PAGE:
ROCKINGHAM — Old age has its drawbacks — to put it lightly — but they’re not enough to stop Richmond County’s seniors from getting in a few frames at Striker’s Bowling Center.
Tuesday was the bowling portion of the 2018 Senior Games, which brought out 30 competitors as old as 93 for friendly competition.
“Was there any doubt!” shouted Ray Collins, 72, when he and his bowling partner, Neil Haygood, 72, were awarded the gold medal. Collins and Haygood are old friends who have taken to bowling for the camaraderie offered by being with friends, but that doesn’t mean they didn’t come to win.
“When I step on the alley, I’m taking it seriously,” Haygood said.
The games, which have been held in Richmond County for 28 years, offer a wide range of competitive events for seniors, ranging from the more active sports such as tennis and swimming to board and card games. Several competitors have gone on to compete nationally as well.
Haygood said he enjoyed the games because they break up the routine, and he enjoyed them so much that he and his wife recently became ambassadors for the games.
“I’m going to keep (bowling) as long as I can,” he said. “When you get in your 70s, your mind says ‘Oh, yes’ but your body says, ‘Oh no.’”
Many of the players play in multiple leagues that meet weekly.
Ron Kanode, 76, said he had been bowling in leagues since the ‘70s but underperformed Tuesday afternoon, missing his average score.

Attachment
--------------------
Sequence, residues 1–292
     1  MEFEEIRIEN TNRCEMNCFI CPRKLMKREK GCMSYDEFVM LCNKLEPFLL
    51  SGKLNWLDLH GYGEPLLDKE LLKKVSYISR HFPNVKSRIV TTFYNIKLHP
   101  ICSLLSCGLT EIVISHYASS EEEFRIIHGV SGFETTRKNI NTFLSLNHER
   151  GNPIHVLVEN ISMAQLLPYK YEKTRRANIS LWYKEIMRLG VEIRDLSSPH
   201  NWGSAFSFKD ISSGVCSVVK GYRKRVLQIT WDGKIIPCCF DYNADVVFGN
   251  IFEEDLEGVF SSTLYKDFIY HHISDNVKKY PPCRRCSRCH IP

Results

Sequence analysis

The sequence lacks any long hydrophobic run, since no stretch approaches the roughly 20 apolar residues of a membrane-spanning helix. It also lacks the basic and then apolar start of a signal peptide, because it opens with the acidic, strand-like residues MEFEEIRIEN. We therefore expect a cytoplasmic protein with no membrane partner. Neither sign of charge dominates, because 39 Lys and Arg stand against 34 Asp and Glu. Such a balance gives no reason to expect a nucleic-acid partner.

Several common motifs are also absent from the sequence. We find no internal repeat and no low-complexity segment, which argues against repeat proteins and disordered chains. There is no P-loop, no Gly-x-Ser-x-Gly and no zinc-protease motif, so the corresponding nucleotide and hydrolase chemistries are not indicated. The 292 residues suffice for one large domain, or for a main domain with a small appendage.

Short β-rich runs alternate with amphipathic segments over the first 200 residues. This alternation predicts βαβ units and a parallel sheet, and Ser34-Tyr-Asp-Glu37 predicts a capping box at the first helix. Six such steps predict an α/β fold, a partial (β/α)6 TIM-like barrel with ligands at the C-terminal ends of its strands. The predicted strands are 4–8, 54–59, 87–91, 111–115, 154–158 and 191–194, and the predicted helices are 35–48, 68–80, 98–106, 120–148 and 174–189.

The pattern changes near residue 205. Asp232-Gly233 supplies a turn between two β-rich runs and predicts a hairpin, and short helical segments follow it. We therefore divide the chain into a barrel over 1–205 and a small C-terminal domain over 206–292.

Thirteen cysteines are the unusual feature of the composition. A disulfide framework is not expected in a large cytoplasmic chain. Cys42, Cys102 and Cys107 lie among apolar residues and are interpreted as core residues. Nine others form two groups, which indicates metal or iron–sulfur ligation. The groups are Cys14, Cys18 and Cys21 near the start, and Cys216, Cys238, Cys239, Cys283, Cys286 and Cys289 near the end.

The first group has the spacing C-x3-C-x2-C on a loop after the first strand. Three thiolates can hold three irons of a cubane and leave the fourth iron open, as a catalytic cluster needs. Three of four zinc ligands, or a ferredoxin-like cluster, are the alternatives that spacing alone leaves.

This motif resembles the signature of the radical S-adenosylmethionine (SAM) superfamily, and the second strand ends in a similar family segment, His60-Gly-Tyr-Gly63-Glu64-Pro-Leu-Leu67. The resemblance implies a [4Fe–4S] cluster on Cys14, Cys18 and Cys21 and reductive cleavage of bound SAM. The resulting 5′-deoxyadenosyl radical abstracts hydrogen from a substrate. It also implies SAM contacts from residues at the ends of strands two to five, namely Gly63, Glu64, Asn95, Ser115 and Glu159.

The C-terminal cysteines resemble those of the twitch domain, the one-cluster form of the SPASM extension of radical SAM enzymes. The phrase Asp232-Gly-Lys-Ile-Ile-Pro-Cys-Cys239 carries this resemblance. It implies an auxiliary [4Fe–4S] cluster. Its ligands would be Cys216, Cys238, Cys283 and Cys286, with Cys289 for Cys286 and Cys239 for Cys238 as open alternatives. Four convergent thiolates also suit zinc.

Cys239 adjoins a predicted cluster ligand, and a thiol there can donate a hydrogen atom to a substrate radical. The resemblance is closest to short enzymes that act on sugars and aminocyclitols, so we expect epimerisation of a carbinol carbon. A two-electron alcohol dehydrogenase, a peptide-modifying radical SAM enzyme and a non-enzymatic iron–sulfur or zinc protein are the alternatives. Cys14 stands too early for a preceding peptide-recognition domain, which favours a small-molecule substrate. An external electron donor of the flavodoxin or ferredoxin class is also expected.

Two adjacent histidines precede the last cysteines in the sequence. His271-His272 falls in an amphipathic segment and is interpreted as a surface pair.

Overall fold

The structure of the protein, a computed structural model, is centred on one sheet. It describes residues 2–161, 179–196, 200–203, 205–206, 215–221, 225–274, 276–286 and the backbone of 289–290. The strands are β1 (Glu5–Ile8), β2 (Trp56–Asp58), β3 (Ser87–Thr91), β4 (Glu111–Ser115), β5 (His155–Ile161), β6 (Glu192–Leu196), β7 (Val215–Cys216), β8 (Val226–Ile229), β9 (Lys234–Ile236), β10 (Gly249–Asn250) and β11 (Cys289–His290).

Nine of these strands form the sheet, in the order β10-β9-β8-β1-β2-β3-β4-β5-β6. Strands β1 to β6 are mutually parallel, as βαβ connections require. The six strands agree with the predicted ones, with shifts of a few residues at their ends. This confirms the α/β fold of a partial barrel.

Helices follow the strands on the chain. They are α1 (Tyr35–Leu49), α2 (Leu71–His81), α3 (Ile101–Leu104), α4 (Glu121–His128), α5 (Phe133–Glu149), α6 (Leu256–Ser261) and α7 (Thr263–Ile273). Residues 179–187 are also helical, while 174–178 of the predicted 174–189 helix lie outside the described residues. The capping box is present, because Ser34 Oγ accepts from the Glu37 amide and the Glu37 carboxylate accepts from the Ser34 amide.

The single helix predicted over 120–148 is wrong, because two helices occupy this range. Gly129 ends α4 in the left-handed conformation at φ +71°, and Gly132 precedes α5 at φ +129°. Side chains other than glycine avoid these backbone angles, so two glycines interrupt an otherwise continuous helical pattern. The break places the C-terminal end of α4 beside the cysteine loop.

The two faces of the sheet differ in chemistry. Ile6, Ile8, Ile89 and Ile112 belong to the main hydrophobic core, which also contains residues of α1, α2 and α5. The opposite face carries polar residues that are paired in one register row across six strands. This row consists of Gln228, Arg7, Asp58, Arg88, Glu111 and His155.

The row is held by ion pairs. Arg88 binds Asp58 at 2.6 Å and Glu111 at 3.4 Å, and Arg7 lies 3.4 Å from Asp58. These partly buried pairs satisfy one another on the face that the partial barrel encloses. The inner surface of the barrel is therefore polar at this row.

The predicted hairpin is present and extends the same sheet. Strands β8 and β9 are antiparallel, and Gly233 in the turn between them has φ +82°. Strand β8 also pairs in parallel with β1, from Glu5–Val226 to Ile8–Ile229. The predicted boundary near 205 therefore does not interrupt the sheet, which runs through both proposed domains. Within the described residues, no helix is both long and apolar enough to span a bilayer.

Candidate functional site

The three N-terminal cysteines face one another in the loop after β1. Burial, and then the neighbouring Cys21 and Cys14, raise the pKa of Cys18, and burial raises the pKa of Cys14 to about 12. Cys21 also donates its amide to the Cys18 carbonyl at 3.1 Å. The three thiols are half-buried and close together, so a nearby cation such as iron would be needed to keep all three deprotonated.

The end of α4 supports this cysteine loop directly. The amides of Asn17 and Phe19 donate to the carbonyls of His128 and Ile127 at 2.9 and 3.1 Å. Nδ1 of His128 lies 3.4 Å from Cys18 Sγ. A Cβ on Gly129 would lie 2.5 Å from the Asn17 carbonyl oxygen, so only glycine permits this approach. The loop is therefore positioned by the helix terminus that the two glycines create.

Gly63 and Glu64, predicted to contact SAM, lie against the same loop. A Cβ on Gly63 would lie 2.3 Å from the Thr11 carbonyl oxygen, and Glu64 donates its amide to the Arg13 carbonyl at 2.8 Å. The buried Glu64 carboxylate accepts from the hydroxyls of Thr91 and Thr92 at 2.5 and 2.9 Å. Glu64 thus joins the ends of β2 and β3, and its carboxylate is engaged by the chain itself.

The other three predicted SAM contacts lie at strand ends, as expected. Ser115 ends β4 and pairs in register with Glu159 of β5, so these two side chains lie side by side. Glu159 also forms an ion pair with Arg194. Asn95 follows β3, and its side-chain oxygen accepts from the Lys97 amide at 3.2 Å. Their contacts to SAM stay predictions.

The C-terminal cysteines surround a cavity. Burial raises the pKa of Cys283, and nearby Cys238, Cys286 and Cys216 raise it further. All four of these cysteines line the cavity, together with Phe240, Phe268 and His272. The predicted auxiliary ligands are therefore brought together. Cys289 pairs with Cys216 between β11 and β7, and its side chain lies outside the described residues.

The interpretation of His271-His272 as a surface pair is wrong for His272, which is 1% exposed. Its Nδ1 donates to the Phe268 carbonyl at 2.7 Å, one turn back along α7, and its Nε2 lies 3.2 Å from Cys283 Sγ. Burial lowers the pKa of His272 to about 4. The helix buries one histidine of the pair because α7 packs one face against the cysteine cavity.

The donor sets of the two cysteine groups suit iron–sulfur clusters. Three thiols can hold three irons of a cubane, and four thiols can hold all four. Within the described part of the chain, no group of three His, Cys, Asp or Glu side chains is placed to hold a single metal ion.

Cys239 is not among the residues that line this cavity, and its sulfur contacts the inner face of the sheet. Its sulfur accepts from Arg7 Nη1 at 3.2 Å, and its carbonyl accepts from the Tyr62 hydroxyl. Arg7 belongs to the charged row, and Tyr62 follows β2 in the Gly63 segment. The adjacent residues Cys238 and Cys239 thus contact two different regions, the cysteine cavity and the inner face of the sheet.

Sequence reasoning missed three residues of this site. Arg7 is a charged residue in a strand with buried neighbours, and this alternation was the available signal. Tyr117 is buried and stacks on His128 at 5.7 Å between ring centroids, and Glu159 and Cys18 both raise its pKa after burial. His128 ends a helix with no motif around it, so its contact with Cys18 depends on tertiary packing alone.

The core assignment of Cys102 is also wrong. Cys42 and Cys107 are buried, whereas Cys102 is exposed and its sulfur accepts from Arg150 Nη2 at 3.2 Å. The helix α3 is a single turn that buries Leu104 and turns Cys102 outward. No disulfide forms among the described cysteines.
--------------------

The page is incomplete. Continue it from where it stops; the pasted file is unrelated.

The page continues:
The oldest competitor, 93-year-old Roy Duffy, won gold in his age group.
“It keeps them younger,” said co-coordinator for the games, Terry Mercer. Pete Wheeler, the other co-coordinator for the games, added that they were “good for their spirits.”
Mercer and Wheeler, who’ve been in their roles since 2009 and 2011, respectively, said this year was the first the games had breached the 200-participant mark in 28 years, with 207 this year. Last year, 197 registered to compete.
“We set a goal and we got it,” Wheeler said, adding that the games averaged 150 competitors but had been steadily on the rise.
Mercer’s father competed in the bowling event Tuesday, but she said his signature event was the dancing contest. Her kids grew up watching him compete in dancing contests, and he taught her how to dance so she could teach others once he was gone.
Wheeler said the games mad great efforts to accommodate seniors with disabilities, learning from experience from seniors with a wide range of ailments, including blindness, being wheelchair bound or having limited use of limbs after a stroke.
“Nobody has to (sit out) because we rework it so they can participate,” she said.
Reach Gavin Stone at 910-817-2673 or [email protected]